Striding down a Netflix runway already well-trodden by the likes of Beyoncé, Lady Gaga, Taylor Swift and Billie Eilish (they’re all at it), this backstage documentary promises a similarly ‘intimate’ peek at fellow global superstar, Jennifer Lopez.
Yet Halftime genuinely delivers on that intimacy, revealing a more sympathetic and ‘real’ (albeit carefully curated and highly authorised) side to this multi-hyphenate glamazon than you’ve likely ever seen before.
Kicking off in 2019, Halftime is constructed around two pivotal midpoint moments: Lopez’s 50th birthday and preparations for the Superbowl, AKA ‘the biggest stage in entertainment’ (at least in the US), as well as hitting the awards trail for her Oscar-tipped role in Hustlers (she played a stripper).
Previously declaring ‘I’m not into politics’, Lopez finds herself compelled to speak out when she’s booked to perform at the legendary half-time slot alongside Shakira – calling out the NFL’s racist implication that just one Latina singer isn’t enough to carry the show.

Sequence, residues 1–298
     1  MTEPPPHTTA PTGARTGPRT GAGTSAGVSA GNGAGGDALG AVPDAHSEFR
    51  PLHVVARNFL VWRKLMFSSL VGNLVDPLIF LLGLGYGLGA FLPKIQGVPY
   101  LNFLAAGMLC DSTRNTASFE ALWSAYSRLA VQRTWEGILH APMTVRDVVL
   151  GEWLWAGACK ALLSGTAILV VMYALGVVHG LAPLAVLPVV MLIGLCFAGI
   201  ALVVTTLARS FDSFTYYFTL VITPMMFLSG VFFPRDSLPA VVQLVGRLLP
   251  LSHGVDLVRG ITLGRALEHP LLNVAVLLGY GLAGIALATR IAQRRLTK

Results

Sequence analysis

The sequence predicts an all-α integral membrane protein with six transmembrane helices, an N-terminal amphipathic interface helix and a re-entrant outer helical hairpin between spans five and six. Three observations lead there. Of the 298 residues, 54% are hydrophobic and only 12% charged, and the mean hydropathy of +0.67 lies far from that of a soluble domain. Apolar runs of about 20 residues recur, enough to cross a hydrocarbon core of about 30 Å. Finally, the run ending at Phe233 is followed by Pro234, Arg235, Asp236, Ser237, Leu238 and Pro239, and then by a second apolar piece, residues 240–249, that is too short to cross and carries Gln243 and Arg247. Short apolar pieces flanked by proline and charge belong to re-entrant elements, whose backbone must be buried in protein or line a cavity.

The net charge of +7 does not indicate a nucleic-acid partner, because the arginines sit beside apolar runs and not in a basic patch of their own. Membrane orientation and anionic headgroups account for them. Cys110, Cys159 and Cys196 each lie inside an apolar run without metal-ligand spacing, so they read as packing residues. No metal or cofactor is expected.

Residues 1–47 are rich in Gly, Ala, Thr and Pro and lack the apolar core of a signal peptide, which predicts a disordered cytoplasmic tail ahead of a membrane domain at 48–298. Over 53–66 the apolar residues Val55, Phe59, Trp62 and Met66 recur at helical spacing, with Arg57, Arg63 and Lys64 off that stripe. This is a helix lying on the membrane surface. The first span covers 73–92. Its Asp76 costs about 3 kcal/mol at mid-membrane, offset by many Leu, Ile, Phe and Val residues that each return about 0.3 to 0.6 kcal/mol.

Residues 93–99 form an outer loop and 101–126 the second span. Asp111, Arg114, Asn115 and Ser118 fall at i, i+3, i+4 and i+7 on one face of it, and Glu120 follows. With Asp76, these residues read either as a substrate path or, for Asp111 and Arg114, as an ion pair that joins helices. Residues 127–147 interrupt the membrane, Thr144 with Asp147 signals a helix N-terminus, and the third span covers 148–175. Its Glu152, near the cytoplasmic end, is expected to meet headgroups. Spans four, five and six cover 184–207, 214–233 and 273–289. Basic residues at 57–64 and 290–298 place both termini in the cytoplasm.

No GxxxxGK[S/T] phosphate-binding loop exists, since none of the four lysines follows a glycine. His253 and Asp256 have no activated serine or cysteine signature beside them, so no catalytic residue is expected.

‘My whole life I’ve been battling. Battling to be heard, to be seen, to be taken seriously,’ says Lopez, wiggling into a plunging leather studded leotard and wrapping her thighs around a pole. ‘Now the world is listening to me. What am I going to say?’
Let’s be honest, J-Lo’s two cents about US immigration policy is not what’ll get us all streaming Halftime. As she herself knows.
With a lack of romantic gossip on offer (Lopez has clearly had enough of being defined by the men in her life), what we do get dished is some private family time with her twins, some never-seen-before early home archive, fun (if disorientating) flashbacks, fierce dancing and some tearful straight-to-camera confession about how much it hurt to be the butt (and it’s shocking how racist those Noughties gags about her now look) of so much relentless media negativity about her lack of talent and being a ‘Hollywood serial wife’.
‘It was hard when people treat you as a joke,’ she admits. And you really do believe it hurt.
Halftime makes Lopez seem human in a way that singing ‘I’m still Jenny from the Block’ never could.
Lopez comes across as tough, mainly thanks (but no thanks) to a hypercritical, ‘super-complicated’ mum who taught her never to depend on a man. And whether you buy into her reinvention as an ethnic feminist champion, it’s hard not to be by moved by her vulnerability.
A woman who, as the end credits remind us, has sold over 80million records and generated over $5billion (£4bn) in consumer sales, can still feel like she’s not good enough.
Even if Lopez never wins that Oscar, Halftime is sure to win you over.
Halftime is available on Netflix.